2154. How well are we estimating the true burden of acute gastroenteritis? Validation of acute gastroenteritis-related ICD codes in pediatric and adult U.S. populations
Session: Poster Abstract Session: Healthcare Epidemiology: Epidemiologic Methods
Saturday, October 6, 2018
Room: S Poster Hall
Background: Background: International Classification of Diseases (ICD) diagnostic codes from acute gastroenteritis (AGE)-associated medical encounters are used for AGE disease burden estimates, yet the validity of AGE-related ICD codes in both pediatric and adult populations is unknown. We estimated the validity of AGE-related diagnostic codes in these populations using two different multi-regional AGE active surveillance platforms.

Methods: Diagnostic codes, demographic and clinical characteristics, and stool pathogen results from AGE-associated medical encounters were obtained for enrolled children <5 years old from 7 sites in NVSN from 12/1/2011 to 6/30/2016, and for adult Veterans in 4 sites from SUPERNOVA from 12/1/2016 to 2/28/2018. SUPERNOVA also enrolled age- and time-matched non-AGE controls. Using AGE cases from the active surveillance networks, sensitivity and specificity of AGE ICD codes were estimated overall and stratified by age and health care setting using exact binomial tests.

Results: ICD codes were collected from 14,952 enrolled children <5 years old with AGE, and 625 enrolled adults (525 AGE cases and 100 controls). The sensitivity of all-cause AGE codes in children was 54% (9127/14952, 95% confidence interval [CI] 54%-55%), and in adults was 54% (283/525; 95% CI 50%-58%), with a specificity of 100% (100/100; 95% CI 97%-100%). Stratified analyses demonstrated higher sensitivity of all-cause AGE codes in children in the inpatient as compared to outpatient setting: 59% (417/675; 95% CI 57%-61%) versus 53% (934/1827; 95% CI 52%-54%). In adults, this trend was reversed; all-cause AGE codes had a higher sensitivity in the outpatient as compared to the inpatient setting: 72% (50/69; 95% CI 60%-83%), versus 51% (233/456; 95% CI 46%-56%), respectively.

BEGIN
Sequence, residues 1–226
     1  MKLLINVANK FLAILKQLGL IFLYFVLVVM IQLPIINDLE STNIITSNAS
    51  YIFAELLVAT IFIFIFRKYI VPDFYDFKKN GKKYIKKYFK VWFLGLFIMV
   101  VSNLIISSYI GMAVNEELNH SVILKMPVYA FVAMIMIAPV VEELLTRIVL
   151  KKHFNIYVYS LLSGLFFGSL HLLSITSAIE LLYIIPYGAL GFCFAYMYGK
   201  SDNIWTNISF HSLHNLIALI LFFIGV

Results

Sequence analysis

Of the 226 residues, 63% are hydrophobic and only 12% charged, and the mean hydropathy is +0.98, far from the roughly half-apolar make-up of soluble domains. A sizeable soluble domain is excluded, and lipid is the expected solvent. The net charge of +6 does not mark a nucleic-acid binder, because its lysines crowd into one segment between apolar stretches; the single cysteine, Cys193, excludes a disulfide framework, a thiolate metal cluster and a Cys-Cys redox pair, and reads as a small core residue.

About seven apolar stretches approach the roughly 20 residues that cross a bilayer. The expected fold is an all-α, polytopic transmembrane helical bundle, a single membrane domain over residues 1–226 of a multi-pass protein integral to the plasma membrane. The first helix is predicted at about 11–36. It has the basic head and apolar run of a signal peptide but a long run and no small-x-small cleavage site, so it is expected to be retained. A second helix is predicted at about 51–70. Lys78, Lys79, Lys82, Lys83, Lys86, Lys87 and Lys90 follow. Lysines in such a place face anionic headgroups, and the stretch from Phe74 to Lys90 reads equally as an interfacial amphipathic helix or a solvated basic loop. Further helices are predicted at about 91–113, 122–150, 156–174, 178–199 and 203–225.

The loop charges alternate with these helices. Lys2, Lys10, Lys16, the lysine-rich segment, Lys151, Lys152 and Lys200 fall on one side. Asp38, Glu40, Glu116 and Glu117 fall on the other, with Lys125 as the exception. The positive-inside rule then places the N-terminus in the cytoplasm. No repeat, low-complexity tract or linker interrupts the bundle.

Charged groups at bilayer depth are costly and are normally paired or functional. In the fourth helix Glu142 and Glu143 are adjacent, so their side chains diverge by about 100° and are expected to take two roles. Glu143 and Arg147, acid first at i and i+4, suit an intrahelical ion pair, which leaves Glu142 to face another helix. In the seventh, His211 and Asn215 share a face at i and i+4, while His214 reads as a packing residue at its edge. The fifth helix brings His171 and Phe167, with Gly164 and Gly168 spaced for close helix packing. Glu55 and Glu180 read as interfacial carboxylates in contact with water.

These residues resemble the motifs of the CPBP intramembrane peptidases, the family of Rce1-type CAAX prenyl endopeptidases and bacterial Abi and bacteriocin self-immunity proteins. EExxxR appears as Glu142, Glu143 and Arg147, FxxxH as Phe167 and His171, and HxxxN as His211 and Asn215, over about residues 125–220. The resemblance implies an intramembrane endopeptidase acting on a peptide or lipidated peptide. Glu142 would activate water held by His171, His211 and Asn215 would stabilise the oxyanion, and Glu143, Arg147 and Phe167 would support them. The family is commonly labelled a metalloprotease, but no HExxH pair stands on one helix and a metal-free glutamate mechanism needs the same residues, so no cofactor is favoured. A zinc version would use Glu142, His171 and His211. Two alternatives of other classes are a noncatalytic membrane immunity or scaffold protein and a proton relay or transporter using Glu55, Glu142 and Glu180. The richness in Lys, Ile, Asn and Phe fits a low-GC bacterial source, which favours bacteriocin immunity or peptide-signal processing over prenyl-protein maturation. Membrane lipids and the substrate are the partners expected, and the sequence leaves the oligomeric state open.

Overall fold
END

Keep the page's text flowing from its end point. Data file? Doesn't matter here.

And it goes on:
Conclusion: Across two different AGE active surveillance platforms, one enrolling only children and one enrolling only adults, the estimated sensitivity of all-cause AGE ICD codes were similarly low. This suggests that current national estimates for AGE disease burden may be underestimating the true burden of AGE pathogens in the US, and emphasizes the importance of active, prospective surveillance.

Talia Pindyck, MD, MPH1, Aron J. Hall, DVM, MSPH2, Jacqueline Tate, PhD2, Cristina V. Cardemil, MD, MPH2, Anita Kambhampati, MPH3, Mary E. Wikswo, MPH4, Scott Grytdal, MPH2, Daniel C. Payne, PhD, MSPH4, Umesh D. Parashar, MBBS, MPH2 and New Vaccine Surveillance Network & SUPERNOVA Network, (1)Division of Viral Diseases, CDC, Atlanta, GA, (2)Division of Viral Diseases, Centers for Disease Control and Prevention, Atlanta, GA, (3)IHRC, Inc., contracting agency to the Division of Viral Diseases, Centers for Diseases Control and Prevention, Atlanta, GA, Atlanta, GA, (4)Centers for Disease Control and Prevention, Atlanta, GA

Disclosures:

T. Pindyck, None

A. J. Hall, None

J. Tate, None

C. V. Cardemil, None

A. Kambhampati, None

M. E. Wikswo, None

S. Grytdal, None

D. C. Payne, None

U. D. Parashar, None

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